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Knowing that computing an FFT is faster if the amount of samples is a power of 2 I have always tried to pad the inputs to Matlab's FFT with zeros until the next power of 2 is achieved. Matlab's function fftfilt which implements a FIR filter with the overlap-add method does the same, selecting the FFT size as 2^nextpow2(FIR_coeff + input_signal-1).

However I realize that if the amount to be padded is too long compared to the original size this my actually be inefficient. For instance if a 130000 samples FFT was to be computed. Assuming a huge and unpractical single FFT was carried out. As the next power of 2 of 130000 is 131072 maybe despite adding 1072 zeros it would be more efficient than performing the 130000 samples FFT directly. The worst case would be having (power of 2) + 1 samples and trying to pad to the next power of 2, specially if the number of samples is large. For instance in my example having 131073 samples which next power of 2 is 262144 would add 131071 zeros! Starting at which point in terms of ratios between original size and padding size would it be better not to pad? I'm looking for a practical and approximate idea. Let's say something like: do not pad if you are adding more than 5% of original size in zeros.

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    $\begingroup$ tic toc will answer your question $\endgroup$ – Stanley Pawlukiewicz Mar 1 '18 at 5:32
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    $\begingroup$ Not quite a dup of : dsp.stackexchange.com/questions/10043/… . You can pad to a product of many small primes (2,3,5,7,11, etc.) with many modern FFT frameworks/libraries optimized for those product lengths. $\endgroup$ – hotpaw2 Mar 1 '18 at 9:28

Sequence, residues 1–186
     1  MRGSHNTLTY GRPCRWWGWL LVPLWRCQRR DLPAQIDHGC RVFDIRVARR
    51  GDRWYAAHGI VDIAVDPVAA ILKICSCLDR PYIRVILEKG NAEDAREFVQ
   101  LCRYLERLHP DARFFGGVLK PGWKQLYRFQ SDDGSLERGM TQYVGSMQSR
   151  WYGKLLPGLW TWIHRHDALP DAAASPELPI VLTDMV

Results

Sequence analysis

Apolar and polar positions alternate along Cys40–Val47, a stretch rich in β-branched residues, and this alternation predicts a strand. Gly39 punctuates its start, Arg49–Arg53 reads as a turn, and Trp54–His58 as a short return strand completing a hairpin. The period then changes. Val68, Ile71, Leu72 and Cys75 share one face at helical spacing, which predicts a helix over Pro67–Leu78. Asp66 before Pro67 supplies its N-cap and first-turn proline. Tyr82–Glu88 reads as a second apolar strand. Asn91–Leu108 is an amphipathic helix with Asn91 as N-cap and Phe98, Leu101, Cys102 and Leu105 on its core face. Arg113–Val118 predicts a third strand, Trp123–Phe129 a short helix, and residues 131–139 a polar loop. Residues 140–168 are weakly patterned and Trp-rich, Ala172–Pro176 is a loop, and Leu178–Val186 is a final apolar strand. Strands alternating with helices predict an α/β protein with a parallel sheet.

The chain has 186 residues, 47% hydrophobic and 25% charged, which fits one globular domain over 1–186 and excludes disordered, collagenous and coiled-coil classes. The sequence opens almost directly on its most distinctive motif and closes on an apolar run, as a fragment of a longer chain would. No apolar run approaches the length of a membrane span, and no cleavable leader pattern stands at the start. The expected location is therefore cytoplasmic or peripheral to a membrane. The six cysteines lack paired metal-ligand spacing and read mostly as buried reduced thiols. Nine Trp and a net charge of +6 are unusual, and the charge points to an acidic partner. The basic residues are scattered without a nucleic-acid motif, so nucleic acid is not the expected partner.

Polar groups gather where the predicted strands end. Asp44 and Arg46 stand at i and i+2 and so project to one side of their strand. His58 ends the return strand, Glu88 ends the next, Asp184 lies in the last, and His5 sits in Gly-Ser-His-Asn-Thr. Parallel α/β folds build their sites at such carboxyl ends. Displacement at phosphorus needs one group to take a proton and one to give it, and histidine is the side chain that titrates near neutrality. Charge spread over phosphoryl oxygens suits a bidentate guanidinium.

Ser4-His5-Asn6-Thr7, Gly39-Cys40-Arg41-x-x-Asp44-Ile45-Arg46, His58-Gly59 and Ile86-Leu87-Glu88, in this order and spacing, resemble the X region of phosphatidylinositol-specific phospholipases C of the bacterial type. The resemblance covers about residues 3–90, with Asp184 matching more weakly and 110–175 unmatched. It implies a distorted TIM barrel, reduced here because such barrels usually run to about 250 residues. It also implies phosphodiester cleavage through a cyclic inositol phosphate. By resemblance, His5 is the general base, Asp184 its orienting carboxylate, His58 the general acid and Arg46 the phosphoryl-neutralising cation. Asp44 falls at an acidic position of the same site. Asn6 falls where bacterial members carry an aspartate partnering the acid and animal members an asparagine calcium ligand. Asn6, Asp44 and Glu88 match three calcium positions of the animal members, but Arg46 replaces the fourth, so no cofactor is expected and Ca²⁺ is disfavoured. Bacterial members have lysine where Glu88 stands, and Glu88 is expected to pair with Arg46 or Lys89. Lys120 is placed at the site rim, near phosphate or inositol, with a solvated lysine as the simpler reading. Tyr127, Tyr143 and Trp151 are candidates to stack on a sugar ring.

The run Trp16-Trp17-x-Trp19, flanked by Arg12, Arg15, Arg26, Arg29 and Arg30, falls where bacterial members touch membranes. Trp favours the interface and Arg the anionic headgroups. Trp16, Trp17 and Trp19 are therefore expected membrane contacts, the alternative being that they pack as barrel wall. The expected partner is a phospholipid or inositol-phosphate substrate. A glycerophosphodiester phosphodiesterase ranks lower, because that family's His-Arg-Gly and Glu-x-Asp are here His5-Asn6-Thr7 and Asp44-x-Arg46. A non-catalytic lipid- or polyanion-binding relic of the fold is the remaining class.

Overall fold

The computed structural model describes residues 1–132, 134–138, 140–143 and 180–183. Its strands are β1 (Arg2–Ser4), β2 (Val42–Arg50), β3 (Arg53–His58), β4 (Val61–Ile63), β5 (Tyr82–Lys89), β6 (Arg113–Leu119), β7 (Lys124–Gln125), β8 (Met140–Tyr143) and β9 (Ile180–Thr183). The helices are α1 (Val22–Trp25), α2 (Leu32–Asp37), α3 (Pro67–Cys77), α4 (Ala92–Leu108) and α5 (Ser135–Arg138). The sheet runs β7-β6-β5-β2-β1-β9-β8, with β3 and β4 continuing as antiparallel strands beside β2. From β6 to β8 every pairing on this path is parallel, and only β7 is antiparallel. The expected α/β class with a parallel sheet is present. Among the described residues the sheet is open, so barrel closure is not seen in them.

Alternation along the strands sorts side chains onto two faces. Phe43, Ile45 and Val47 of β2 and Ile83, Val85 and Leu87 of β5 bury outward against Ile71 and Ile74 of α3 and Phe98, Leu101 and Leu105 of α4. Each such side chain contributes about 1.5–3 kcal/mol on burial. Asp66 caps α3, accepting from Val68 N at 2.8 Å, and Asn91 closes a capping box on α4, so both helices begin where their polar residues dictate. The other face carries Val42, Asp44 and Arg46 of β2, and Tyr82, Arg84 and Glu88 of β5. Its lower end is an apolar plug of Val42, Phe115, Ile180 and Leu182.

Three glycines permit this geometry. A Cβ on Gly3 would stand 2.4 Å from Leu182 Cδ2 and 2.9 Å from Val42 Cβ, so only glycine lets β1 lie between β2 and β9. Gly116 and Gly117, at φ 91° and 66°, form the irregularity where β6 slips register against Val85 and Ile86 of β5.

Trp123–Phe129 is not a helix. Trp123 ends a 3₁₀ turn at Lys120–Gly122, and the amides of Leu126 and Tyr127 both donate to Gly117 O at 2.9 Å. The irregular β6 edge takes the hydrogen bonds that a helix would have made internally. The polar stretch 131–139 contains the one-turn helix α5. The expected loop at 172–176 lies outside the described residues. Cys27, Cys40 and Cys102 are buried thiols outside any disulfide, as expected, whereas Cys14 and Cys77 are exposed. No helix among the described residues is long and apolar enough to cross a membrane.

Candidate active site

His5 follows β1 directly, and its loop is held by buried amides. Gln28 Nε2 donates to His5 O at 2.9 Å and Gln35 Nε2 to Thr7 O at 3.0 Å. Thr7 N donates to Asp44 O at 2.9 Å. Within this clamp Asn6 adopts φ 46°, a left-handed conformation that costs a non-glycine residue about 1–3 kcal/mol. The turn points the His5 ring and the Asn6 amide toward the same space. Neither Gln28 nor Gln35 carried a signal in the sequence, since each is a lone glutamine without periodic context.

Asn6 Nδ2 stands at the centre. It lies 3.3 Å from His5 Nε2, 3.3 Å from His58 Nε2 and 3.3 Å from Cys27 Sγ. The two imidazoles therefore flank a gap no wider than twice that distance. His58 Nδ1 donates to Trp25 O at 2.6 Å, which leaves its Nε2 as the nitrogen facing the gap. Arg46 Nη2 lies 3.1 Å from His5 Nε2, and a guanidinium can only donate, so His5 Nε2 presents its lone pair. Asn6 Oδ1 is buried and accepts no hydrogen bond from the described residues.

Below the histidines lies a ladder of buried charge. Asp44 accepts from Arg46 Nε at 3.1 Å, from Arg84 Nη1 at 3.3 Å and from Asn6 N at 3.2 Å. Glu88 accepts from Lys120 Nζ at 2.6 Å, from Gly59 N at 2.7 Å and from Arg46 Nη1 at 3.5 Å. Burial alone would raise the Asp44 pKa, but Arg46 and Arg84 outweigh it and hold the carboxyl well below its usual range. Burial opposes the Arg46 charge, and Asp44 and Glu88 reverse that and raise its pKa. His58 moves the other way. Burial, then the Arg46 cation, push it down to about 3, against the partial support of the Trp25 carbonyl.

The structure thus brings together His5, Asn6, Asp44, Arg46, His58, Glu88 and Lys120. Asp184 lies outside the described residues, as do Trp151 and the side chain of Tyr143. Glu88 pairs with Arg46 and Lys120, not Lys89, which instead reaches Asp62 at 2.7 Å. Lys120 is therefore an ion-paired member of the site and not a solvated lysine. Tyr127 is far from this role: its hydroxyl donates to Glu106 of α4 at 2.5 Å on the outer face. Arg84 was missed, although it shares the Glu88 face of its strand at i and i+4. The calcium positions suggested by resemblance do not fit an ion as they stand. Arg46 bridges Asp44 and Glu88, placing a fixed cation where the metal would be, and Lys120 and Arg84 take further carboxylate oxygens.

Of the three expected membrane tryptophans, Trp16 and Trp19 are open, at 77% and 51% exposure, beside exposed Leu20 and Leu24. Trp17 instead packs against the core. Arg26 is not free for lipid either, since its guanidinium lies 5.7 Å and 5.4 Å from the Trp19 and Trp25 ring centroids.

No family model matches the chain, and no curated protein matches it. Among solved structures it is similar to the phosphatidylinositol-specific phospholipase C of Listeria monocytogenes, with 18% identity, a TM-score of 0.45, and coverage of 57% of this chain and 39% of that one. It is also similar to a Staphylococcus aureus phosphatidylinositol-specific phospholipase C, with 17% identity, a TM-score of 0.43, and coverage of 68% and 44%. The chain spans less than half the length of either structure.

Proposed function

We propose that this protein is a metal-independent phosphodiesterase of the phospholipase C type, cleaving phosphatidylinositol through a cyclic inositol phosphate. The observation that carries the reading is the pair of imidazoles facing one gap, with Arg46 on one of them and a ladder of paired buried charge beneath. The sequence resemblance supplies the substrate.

• $\begingroup$ @StanleyPawlukiewicz I know tic toc can help me. I also imagine that in some other platforms the result may vary. But maybe there has been some research about this and there might be a useful or practical hint $\endgroup$ – VMMF Mar 12 '18 at 14:00
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    $\begingroup$ @VMMF there are too many variables today. All the old analytic results counted multiplications because that was the bottle neck. That isn’t the case anymore. FFTW will actually do optimizations on its plan if you tell it to. There isn’t a lot of general universal results that applies everywhere $\endgroup$ – Stanley Pawlukiewicz Mar 12 '18 at 15:08

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